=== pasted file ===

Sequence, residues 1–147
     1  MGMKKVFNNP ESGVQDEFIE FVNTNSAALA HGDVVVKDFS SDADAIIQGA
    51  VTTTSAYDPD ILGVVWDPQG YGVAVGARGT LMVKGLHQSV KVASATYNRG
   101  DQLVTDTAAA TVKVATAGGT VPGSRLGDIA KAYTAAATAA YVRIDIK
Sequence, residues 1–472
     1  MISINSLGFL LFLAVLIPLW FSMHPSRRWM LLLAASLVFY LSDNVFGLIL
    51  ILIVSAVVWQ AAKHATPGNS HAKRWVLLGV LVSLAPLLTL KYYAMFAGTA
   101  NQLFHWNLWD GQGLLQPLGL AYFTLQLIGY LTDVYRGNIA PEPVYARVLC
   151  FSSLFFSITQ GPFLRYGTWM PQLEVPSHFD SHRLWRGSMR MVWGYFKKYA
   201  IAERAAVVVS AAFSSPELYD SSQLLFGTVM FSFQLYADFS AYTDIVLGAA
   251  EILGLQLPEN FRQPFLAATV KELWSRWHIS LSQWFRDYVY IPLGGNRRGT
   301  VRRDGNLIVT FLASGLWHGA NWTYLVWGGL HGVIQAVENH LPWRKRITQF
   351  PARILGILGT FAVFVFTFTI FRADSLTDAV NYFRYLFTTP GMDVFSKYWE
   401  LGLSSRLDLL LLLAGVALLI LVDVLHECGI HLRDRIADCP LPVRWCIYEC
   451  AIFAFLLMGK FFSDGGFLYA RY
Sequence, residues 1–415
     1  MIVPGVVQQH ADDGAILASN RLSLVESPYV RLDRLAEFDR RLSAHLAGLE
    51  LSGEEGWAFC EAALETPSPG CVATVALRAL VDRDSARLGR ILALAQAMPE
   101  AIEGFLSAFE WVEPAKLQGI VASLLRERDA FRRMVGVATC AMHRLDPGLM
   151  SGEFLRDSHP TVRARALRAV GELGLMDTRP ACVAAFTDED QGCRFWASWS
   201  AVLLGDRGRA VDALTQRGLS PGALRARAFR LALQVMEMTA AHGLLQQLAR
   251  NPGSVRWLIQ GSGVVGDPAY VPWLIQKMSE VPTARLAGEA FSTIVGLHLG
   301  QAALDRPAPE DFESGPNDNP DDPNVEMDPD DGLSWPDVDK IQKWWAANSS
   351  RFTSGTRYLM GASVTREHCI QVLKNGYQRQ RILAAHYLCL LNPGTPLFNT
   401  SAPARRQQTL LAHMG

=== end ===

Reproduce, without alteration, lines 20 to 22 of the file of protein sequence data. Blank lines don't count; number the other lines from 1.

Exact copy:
   151  SGEFLRDSHP TVRARALRAV GELGLMDTRP ACVAAFTDED QGCRFWASWS
   201  AVLLGDRGRA VDALTQRGLS PGALRARAFR LALQVMEMTA AHGLLQQLAR
   251  NPGSVRWLIQ GSGVVGDPAY VPWLIQKMSE VPTARLAGEA FSTIVGLHLG